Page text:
Video 2.

Spinning disc confocal sequential Z-axis changes in focus through a Drosophila melanogaster ovarian follicle. This follicle was treated with staurosporine, which has caused termination of yolk-precursor endocytosis. Initial focus is within the epithelium where dye remains in the spaces between epithelial cells. As focus moves deeper, dye-filled space between epithelium and oocyte can be seen. Note that interior to this space there are no nascent yolk spheres being produced. Click image to view video.  Download video

v02_01.jpg

Patency of epithelial-oocyte gap junctions: can CaM come from epithelium?

Given the evidence that the CaM needed for signalling ongoing uptake of YPs is from the epithelial cells, it must then have some way of making the transit. While insect gap junctions had regularly been known to transmit molecules only 3kDa or smaller, in more recent reports it has been shown that, because of its elongate shape, CaM (17kDa) can also pass through insect gap junctions (Zang and Kunkel 1994; Cieniewicz and Woodruff 2008; Brwon et al. 2010).

To demonstrate that D. melanogaster gap junctions between epithelial cells and oocytes were patent (open), Lucifer yellow-CH was iontophoretically introduced into individual epithelial cells (Figure 2). Lucifer yellow travelled into adjacent epithelial cells and into the oocyte.

Table 2.

Effect of various antagonists upon active endocytic uptake of Vgs as shown by non-specific fluid phase uptake of fluorescent Dex-red dye.

t02_01.gif

To determine if the larger CaM needed for the PLC system could pass through the gap junctions, Alexa-Fluor labelled CaM was pressure microinjected into oocytes. Figure 3A is a DIC image of a follicle microinjected with fluorescent CaM. Figure 3B is a fluorescence image of the same follicle. In both micrographs, the arrow marks the inner edge of the epithelium.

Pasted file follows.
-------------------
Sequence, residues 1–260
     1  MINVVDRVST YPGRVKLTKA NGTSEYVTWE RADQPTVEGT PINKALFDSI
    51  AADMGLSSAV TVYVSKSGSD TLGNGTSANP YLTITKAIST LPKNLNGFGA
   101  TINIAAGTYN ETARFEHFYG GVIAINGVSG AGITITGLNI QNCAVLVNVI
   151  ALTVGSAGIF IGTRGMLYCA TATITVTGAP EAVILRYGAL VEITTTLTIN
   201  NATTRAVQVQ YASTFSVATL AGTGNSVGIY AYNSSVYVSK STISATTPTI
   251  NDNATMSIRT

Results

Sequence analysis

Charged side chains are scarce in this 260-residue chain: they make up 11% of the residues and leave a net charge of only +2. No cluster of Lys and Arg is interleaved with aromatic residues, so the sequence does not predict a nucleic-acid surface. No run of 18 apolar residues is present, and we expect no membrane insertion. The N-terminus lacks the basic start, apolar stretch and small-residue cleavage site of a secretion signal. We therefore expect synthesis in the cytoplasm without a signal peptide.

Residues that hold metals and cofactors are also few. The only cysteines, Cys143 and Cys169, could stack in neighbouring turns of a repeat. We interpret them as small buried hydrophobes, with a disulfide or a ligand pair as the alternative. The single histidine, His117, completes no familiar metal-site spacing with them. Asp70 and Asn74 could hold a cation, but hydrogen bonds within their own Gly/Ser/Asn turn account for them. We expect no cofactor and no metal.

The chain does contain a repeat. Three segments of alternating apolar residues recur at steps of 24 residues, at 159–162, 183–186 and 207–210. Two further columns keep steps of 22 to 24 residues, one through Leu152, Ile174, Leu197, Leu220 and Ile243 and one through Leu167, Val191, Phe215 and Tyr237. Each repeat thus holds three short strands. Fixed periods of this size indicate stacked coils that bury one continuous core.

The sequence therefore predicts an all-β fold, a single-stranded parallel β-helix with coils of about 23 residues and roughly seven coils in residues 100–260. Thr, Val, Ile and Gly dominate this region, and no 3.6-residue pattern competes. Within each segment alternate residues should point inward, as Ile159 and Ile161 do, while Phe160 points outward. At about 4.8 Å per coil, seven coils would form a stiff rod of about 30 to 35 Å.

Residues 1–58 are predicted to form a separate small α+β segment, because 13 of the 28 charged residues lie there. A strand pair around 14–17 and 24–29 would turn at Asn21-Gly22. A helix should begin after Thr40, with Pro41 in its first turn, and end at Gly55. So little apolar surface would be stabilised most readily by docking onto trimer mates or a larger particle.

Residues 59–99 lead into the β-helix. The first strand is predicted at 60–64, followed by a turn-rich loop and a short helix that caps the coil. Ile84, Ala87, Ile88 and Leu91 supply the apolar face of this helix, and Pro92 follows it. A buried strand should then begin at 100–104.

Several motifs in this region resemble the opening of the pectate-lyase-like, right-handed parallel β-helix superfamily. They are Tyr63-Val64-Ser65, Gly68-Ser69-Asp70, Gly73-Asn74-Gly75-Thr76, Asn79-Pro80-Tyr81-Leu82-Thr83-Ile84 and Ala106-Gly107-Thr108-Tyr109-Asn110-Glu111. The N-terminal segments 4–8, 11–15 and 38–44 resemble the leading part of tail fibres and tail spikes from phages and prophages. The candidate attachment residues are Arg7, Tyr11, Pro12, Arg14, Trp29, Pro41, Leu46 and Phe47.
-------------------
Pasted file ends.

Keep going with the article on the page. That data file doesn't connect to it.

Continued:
Membrane potentials of oocytes and of epithelial cells:

The average oocyte potential in the D. melanogaster PSS used was -31.9 ± 0.9 mV SE, while that of epithelial cells that surround each oocyte averaged -36.5 ± 1 mV SE. Since epithelial cells are not a floating population, but rather remain attached to each specific oocyte, analysis of the data for statistical significance was made by paired t-test. For 54 paired measurement of oocytes and an epithelial cell attached to each specific oocyte p = < 0.001

Formation of 1 to 2 μm diameter vesicles

In the most favorable tissue, the interfaces between follicle cells, the most favourable tissue, peri-oocytic space and oocyte surface can be clearly seen. In antagonist-treated examples, such as is seen in Figure 4, the oocyte surface can be seen to contain numerous 1 to 2 μm diameter vesicles. However, even with long incubations of more than 2 hr, these never became internalized when any of the antagonists were present. Furthermore, they were not seen in control follicles, where such vesicles were rapidly internalized and formed into clusters. In the clusters, membrane fusion adult yolk spheres of 6.1 ± 2 were formed (Figure 1A).

Discussion

Is PLC the target of CaM?